One little known fact in South Carolina business and politics is that every year the South Carolina General Assembly uses a budget proviso to deny taxpayers interest that should be paid on tax refunds. Instead, the interest that would be paid on these overpayments is directed to fund various government run programs.

A budget proviso is a one-year spending direction passed by the legislature as part of the state’s annual budget. Budget proviso’s can be useful legislative tools to provide authority or instructions regarding certain state programs.

Unfortunately, in this case, Budget Provisos 93.7 and 117.86 direct the South Carolina Department of Revenue (SCDOR) to reduce the interest rate paid on eligible refunds by a total of three percentages points. In today’s low-interest rate world, this means that taxpayers will often get little to no interest on their refunds. Of course, the budget provisos do not work the other way - taxpayers must pay the full applicable interest rate on underpayments …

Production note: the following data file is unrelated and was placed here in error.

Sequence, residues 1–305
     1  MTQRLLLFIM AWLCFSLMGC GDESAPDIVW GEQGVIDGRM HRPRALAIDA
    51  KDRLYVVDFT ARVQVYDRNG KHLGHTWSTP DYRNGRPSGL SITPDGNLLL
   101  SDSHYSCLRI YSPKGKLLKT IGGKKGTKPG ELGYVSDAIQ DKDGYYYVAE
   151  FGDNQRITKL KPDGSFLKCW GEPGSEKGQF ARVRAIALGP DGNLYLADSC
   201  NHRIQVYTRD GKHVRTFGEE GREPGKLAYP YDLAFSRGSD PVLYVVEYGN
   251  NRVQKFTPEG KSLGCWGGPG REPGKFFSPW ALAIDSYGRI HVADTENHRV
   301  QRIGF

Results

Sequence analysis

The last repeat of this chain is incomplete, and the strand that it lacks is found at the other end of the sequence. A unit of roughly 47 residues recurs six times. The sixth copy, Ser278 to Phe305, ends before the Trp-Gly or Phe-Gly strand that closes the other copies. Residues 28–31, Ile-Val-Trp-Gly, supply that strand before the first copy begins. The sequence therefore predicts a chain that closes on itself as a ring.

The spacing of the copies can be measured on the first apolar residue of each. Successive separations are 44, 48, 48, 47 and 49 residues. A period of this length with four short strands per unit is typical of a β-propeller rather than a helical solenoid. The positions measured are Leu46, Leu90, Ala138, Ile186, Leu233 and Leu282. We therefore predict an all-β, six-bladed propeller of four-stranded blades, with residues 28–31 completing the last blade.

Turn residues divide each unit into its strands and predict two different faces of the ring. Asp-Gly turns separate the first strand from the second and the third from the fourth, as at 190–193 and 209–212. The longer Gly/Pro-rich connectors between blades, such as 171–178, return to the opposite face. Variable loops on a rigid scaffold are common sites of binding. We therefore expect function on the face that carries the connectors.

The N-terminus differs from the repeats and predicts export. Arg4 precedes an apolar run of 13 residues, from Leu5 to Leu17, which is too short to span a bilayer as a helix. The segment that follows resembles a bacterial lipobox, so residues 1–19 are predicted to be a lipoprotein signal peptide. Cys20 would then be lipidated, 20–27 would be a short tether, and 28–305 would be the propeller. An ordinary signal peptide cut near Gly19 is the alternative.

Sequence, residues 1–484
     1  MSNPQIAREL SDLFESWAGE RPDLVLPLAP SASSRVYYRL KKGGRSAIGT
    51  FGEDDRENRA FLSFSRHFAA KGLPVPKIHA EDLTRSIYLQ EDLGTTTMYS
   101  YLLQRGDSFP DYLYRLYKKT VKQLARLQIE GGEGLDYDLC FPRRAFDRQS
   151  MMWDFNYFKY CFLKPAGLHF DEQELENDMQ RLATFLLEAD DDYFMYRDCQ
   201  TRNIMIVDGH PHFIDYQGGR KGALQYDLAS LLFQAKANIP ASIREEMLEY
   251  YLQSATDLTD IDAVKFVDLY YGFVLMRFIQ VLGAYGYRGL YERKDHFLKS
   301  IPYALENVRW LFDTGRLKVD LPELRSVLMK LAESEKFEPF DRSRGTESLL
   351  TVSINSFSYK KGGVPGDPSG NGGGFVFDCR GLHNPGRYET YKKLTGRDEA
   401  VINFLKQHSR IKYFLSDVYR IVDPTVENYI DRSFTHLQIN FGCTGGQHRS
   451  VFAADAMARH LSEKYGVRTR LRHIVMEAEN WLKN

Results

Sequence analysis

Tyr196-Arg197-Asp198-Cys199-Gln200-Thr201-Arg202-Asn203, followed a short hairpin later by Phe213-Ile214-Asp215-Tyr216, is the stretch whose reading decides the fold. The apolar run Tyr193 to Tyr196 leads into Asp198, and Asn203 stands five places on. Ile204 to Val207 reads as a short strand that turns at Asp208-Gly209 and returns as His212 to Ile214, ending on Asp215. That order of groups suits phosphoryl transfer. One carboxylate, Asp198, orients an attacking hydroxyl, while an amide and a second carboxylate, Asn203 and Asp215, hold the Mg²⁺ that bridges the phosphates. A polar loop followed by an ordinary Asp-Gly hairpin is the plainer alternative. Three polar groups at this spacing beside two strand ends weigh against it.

The Council on State Taxation (COST) regularly dings South Carolina in its state tax fairness rankings reports because of this interest disparity and the issue has received some press coverage in the past. In fact, when I served as Director of SCDOR from 2014-2017 I regularly highlighted this point in speeches and presentations. Nevertheless, the SC General Assembly has continued to carry the budget provisos into each new budget.

SCDOR publishes Information Letters (such as SC Information Letter #17-14) that list applicable interest rates. Of note, because the statutory interest rate was set at 3.00% from 10/1/11 – 3/31/16, the effect of the provisos is that taxpayers will get no interest on their refunds for those periods.